How to Get Better at Multitabling In Poker – Top 7 Tips

multitabling poker tips

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Posted by: MPC Team

When you’re playing live poker, you’re limited to just one table, whether you’re playing in a tournament or grinding at a cash game. Online, you can fire up as many tables as you can handle and even play across different sites at the same time.

One of the biggest advantages of online poker is that you can multitable and increase your winnings by a significant margin.

If you want to make money playing online, it’s quite important to be able to play several tables simultaneously.

However, this only works if adding new tables won’t significantly impact the quality of your play. You should only play the number of tables that you’re comfortable with and stop as soon as you feel that you’re failing to properly keep track of what’s going on across all of them.

Luckily, multitabling is a skill (or a set of skills) that you can learn.

These tips should help you gradually improve your multitabling abilities and slowly reach the point where you’re playing five, six, or even more tables simultaneously while sticking to a solid, winning Texas Holdem strategy.

Tip #1: Play two or three tables to begin with

You may have seen one of the internet wizards playing a dozen or more tables at the same time, not missing any of the action, but it does not mean you have to do it.

multi table tips for beginners

While it could look impressive to someone just starting, you will be setting yourself to failure if you start to mimic what they are doing, since that comes with years of practice.

While there is no reason to play just one table when playing online (unless you’re truly just doing it for fun with a few beers and while doing something else on the side), you should not overdo it at the beginning.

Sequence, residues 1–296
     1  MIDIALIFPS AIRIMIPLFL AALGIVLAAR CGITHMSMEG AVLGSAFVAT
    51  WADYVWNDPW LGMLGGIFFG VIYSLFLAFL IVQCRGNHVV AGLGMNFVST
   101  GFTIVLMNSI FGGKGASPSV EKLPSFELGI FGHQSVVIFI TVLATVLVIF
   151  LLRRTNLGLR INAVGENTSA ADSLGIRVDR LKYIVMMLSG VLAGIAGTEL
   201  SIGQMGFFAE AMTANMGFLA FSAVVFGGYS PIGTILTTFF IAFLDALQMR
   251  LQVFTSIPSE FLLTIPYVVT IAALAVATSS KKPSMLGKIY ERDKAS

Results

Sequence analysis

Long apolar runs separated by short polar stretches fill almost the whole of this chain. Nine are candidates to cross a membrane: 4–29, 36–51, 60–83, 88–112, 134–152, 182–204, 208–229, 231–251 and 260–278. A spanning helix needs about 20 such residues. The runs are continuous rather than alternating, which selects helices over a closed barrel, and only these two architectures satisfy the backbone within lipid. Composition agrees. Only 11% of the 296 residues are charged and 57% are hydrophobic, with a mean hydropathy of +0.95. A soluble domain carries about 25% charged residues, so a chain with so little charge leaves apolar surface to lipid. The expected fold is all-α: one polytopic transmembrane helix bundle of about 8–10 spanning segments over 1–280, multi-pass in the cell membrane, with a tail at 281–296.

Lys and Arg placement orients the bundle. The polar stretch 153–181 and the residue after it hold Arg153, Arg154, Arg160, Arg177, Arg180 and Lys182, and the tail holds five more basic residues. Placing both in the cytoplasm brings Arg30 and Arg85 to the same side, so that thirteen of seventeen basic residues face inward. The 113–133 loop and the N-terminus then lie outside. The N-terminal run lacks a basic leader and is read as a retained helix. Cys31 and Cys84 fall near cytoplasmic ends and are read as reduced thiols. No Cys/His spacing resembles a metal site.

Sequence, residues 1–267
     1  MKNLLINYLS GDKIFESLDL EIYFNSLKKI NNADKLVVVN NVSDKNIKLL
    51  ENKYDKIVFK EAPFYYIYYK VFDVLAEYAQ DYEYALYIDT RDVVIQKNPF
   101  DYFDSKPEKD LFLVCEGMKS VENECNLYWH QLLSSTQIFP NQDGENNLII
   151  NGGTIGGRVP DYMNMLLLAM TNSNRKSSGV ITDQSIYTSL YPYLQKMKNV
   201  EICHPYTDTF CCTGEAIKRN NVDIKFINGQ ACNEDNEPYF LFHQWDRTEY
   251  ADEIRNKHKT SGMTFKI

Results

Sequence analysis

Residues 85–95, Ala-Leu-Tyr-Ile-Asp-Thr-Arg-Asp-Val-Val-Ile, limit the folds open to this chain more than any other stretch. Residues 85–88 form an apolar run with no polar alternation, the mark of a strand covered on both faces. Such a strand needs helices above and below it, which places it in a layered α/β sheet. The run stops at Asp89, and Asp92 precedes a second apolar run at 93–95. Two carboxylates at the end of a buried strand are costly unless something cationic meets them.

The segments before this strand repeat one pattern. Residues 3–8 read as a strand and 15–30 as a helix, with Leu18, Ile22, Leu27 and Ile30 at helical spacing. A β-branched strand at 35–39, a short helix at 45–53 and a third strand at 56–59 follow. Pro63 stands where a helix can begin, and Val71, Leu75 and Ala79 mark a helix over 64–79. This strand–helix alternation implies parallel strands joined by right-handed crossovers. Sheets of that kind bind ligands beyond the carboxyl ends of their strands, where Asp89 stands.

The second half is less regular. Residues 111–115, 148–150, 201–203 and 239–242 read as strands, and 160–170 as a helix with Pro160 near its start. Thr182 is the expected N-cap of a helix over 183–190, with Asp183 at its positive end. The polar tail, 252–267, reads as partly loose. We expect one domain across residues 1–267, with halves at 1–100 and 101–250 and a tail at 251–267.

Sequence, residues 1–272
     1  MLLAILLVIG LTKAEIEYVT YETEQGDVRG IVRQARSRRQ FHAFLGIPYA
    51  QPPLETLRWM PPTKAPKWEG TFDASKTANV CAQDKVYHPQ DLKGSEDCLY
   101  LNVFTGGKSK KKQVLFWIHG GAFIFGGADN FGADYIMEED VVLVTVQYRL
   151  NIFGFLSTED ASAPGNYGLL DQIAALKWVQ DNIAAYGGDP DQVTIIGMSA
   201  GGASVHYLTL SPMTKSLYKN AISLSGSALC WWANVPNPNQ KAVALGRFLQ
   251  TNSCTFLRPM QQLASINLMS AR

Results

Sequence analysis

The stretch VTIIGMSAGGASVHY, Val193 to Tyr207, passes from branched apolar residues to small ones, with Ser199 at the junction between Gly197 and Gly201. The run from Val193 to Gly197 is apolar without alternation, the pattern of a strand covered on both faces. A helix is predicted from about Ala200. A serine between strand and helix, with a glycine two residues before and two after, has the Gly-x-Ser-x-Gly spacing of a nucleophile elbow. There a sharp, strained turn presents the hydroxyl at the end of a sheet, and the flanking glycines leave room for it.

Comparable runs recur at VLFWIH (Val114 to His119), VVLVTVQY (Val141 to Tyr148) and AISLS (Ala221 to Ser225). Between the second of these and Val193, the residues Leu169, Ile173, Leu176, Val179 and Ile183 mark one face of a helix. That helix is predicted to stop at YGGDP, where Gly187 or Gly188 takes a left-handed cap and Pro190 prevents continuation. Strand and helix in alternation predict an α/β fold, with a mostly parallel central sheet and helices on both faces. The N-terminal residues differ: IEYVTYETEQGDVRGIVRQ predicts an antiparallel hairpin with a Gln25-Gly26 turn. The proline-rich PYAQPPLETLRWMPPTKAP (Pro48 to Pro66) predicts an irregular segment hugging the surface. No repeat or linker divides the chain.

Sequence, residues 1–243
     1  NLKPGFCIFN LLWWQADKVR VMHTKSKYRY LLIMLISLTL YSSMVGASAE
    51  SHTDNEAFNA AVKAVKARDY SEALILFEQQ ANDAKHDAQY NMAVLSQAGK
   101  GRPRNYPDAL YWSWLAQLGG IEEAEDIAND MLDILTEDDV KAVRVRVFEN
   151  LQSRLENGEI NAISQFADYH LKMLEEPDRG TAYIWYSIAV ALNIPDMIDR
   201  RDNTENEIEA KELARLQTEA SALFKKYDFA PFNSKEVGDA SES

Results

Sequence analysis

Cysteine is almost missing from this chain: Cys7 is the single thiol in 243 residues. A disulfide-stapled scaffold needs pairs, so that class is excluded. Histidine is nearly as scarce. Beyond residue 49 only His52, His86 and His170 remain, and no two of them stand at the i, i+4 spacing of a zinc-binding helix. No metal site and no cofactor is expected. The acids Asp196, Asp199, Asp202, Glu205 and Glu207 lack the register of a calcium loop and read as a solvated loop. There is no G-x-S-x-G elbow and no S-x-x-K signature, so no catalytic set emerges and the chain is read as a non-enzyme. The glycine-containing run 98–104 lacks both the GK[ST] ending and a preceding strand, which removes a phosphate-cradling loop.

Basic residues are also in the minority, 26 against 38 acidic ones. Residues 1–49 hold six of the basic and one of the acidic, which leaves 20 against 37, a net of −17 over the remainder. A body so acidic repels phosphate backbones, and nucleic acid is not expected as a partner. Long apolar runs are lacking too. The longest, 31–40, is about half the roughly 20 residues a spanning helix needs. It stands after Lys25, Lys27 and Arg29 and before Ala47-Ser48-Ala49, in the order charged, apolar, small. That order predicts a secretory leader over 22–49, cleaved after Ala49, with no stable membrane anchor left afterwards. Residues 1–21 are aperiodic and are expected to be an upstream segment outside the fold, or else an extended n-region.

Fire up an extra table or two to get the feeling for what it’s like to multi-table, and take it from there.

This will give you a pretty good idea of how well you can keep track of the action across several tables, but it won’t put too much pressure on you.

Tip #2: Keep all your tables visible to start with

Experienced pros will often stack tables one on top of the other to save space and get as many games going as possible, but that could lead to many problems at the beginning.

When you’re just starting, you’ll be better off keeping your tables in a way where you can see all of them all the time.

Usually, you’ll be able to cascade up to six tables on the screen without any problems. Doing so will enable you to have all the action in view all the time and think about your play ahead of time.

You won’t have this benefit if your tables are stacked because they’ll only pop out when it’s your turn to act. I keep all my tables visible to this day, and I am pretty sure it helps me make better decisions and play my poker hands more profitably.

poker cheat sheet NEW

Tip #3: Don’t mix cash games and tournaments

Even experienced players try to stick to the same format when playing multiple tables. There is absolutely no upside to mixing tournaments and cash games, and there is rarely a reason to do so.

If you’re getting ready to fire up a tournament session, wrap up any cash tables you might have open and switch your focus to MTTs.

Mixing different game formats can be confusing, especially if you’re playing them stacked. Having a cash game table pop up all of a sudden can get you out of the zone and will require a quick switch in your brain.

There are significant differences between cash game and tournament strategies, and having to switch between them all the time will likely negatively influence your results.

Tip #4: Don’t mix different stakes if you can avoid it

Mixing different formats is not advisable, but playing across different cash stakes when multitabling can also hurt your results.

As you move up the stakes, you’ll be adjusting your strategies to population tendencies and other important aspects.

When you’re playing all the tables on the same stake, you’ll have no problems figuring out what to do in a particular spot.